The Cincinnati Kid (1965) was a Drama - Film Adaptation Film directed by Norman Jewison and produced by John Calley and Martin Ransohoff.
The Cincinnati Kid (1965)By 4 Star Film Fan on Jun 16, 2019 From 4 Star Films
The opening images of The Cincinnati Kid are nearly inexplicable but that doesn’t mean they can’t be fun. Steve McQueen brushes past a funeral procession of African-Americans complete with a groovin’ brass band. Then there’s a bit of a needless opening gambit where he’s... Read full article
The Cincinnati Kid (1965)By Beatrice on Aug 24, 2018 From Flickers in Time
The Cincinnati Kid Directed by Norman Jewison Written by Ring Lardner Jr. and Terry Southern from a novel by Richard Jessup 1965/USA Filmways Pictures/Solar Productions First viewing/Netflix rental Lancey Howard: I recollect a young man putting the same question to Eddie the Dude. “Son,”... Read full article
The Cincinnati Kid (1965)By Google profile on Nov 4, 2011 From Out of the Past - A Classic Film Blog
About MeBlogger, Out of the Past - A Classic Film Blog and more. Please add my Google profile to your circles. "You're just not ready for me yet" - Cincinnati Kid Most classic film enthusiasts consume films at a high rate. I am not one of those people. My slow rate of consumption leaves for a l... Read full article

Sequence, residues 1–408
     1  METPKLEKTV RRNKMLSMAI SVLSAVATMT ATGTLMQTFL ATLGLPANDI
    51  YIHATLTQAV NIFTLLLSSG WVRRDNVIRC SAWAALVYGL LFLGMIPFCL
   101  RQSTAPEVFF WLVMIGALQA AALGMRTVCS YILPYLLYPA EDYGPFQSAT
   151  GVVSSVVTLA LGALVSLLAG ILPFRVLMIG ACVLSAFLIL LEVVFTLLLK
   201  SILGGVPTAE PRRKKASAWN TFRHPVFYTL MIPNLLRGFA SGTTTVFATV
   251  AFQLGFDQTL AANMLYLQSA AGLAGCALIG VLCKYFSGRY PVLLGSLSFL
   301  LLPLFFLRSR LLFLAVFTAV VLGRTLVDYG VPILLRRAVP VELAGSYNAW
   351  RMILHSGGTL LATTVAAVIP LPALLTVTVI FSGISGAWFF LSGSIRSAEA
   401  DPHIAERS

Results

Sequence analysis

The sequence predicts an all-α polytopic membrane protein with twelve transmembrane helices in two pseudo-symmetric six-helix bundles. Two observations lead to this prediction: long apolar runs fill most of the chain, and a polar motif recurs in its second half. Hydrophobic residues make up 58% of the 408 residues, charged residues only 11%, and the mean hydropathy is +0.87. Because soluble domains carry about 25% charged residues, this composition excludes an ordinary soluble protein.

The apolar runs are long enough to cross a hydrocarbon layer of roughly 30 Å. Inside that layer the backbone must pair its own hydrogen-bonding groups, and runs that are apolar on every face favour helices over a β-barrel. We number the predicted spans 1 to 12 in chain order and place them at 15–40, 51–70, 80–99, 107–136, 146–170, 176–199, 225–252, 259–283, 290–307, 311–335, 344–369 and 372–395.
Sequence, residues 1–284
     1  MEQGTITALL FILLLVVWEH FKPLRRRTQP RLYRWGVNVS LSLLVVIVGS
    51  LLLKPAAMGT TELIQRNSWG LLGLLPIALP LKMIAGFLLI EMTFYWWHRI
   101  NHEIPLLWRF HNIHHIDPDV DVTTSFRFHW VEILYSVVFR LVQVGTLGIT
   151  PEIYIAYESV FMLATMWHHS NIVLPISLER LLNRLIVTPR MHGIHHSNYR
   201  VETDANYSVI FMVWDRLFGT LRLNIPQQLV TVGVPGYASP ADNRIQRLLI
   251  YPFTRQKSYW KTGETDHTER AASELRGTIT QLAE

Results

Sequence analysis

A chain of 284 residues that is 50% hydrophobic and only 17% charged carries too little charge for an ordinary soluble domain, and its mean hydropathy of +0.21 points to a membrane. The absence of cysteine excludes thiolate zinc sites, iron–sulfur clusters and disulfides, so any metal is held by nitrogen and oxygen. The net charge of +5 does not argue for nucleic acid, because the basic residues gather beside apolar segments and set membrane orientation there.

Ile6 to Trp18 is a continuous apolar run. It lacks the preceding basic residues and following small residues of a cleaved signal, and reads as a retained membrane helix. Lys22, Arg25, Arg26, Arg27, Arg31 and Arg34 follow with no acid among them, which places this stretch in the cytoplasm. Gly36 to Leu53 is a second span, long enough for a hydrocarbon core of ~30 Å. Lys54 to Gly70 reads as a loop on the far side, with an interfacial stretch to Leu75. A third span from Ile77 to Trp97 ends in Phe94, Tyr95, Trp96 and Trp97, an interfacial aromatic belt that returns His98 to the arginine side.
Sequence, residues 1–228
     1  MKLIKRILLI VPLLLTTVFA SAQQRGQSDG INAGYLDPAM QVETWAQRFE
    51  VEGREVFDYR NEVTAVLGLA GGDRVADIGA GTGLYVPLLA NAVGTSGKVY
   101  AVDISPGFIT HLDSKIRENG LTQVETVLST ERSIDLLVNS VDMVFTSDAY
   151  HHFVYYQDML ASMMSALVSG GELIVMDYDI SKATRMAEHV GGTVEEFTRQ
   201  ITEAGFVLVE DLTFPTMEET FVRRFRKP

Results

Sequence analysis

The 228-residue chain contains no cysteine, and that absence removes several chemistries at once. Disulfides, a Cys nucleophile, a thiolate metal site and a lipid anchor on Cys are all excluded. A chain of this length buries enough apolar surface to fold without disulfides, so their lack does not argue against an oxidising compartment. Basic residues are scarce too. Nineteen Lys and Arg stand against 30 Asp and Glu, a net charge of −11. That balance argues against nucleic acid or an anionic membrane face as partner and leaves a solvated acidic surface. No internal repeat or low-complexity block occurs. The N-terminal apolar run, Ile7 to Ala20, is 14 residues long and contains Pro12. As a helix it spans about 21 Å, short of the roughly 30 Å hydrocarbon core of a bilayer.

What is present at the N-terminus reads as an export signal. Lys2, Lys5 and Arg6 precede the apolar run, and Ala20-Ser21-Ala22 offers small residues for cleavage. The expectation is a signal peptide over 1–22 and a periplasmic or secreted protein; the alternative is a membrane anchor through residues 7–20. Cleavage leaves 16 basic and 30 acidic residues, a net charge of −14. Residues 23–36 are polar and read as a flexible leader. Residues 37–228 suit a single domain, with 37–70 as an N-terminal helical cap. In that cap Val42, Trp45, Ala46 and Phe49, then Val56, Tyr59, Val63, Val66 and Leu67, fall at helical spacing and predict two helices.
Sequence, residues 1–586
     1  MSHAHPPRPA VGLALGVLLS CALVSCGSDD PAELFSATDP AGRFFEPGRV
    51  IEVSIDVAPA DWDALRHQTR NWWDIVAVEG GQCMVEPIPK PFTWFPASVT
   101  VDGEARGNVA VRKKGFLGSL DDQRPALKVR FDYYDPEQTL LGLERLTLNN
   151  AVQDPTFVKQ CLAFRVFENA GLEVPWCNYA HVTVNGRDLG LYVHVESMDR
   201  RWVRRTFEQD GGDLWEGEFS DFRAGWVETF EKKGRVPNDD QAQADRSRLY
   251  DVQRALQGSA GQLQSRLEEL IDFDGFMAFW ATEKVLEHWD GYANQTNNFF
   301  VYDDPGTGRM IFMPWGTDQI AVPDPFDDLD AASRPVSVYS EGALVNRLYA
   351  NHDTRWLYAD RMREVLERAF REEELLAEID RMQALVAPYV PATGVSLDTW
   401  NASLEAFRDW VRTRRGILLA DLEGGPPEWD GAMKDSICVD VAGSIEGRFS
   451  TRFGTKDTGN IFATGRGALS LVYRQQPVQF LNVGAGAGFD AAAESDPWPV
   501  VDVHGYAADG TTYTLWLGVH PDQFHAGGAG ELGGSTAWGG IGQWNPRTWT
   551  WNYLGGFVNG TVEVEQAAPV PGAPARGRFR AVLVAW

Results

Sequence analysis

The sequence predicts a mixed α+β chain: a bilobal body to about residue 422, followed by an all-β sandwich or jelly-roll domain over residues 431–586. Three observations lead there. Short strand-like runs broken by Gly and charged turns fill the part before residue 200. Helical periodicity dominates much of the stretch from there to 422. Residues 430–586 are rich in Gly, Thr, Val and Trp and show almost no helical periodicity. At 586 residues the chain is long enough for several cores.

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Lancey Howard: I recollect a young man putting the same question to Eddie the Dude. "Son," Eddie told him, "all you paid was the looking price. Lessons are extra."
Slade: Six stacks, is that right, Shooter?
Slade: Well, we've been playing 30 hours... uh, that rate, six thousand, that makes roughly, uh, $200 an hour. Thank you for the entertainment, gentlemen. I am particularly grateful to Lancey, here; it's been a rewarding experience to watch a great artist at work. Thank you for the privilege, sir.
Lancey Howard: Well now, you're quite welcome, son. It's a pleasure to meet someone who understands that to the true gambler, money is never an end in itself, it's simply a tool, as a language is to thought. Good evening, uh... Mr. Slade.
Slade: Good evening, Mr. Howard.
[Slade blackmails Shooter into cheating on his dealing so the Kid will beat Howard]
Shooter: Hey, why are you doing this? It can't be for money.
Slade: Yes, for my kind of money, gut money. I wanta to see that smug old bastard gutted. Gutted!
Shooter: Like he gutted you.
Slade: Yes, that's right, that's right!
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Mitzi Gaynor campaigned for the role of "Lady Fingers", but it ended up going to Joan Blondell. Rumors are abound as to why Blondell got the role, with the most common being that Gaynor and Ann-Margret did not quite get along.
This is the second movie in which Edward G. Robinson plays a gambler that features a straight flush in diamonds. Smart Money has the final credits superimposed over this hand, which is also the final hand in this movie.
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